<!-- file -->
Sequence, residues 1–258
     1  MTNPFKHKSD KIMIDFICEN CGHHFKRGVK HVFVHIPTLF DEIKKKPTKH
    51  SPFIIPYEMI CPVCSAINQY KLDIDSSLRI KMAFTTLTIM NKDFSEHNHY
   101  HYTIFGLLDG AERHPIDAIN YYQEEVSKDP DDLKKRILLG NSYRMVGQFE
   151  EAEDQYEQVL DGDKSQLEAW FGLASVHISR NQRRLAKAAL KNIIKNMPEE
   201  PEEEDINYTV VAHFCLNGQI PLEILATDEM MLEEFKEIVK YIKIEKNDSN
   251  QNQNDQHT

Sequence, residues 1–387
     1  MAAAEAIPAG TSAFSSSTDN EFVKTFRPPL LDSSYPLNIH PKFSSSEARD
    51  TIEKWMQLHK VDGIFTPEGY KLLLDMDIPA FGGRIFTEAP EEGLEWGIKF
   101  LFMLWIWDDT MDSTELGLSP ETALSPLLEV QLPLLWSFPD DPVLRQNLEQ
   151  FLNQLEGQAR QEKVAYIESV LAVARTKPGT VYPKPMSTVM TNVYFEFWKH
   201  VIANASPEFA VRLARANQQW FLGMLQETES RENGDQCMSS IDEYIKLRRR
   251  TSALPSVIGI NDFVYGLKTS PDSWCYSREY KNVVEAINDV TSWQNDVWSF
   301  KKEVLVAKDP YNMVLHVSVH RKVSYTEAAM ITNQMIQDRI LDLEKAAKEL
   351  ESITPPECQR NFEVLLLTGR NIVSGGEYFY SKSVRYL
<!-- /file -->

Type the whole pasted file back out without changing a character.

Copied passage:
Sequence, residues 1–258
     1  MTNPFKHKSD KIMIDFICEN CGHHFKRGVK HVFVHIPTLF DEIKKKPTKH
    51  SPFIIPYEMI CPVCSAINQY KLDIDSSLRI KMAFTTLTIM NKDFSEHNHY
   101  HYTIFGLLDG AERHPIDAIN YYQEEVSKDP DDLKKRILLG NSYRMVGQFE
   151  EAEDQYEQVL DGDKSQLEAW FGLASVHISR NQRRLAKAAL KNIIKNMPEE
   201  PEEEDINYTV VAHFCLNGQI PLEILATDEM MLEEFKEIVK YIKIEKNDSN
   251  QNQNDQHT

Sequence, residues 1–387
     1  MAAAEAIPAG TSAFSSSTDN EFVKTFRPPL LDSSYPLNIH PKFSSSEARD
    51  TIEKWMQLHK VDGIFTPEGY KLLLDMDIPA FGGRIFTEAP EEGLEWGIKF
   101  LFMLWIWDDT MDSTELGLSP ETALSPLLEV QLPLLWSFPD DPVLRQNLEQ
   151  FLNQLEGQAR QEKVAYIESV LAVARTKPGT VYPKPMSTVM TNVYFEFWKH
   201  VIANASPEFA VRLARANQQW FLGMLQETES RENGDQCMSS IDEYIKLRRR
   251  TSALPSVIGI NDFVYGLKTS PDSWCYSREY KNVVEAINDV TSWQNDVWSF
   301  KKEVLVAKDP YNMVLHVSVH RKVSYTEAAM ITNQMIQDRI LDLEKAAKEL
   351  ESITPPECQR NFEVLLLTGR NIVSGGEYFY SKSVRYL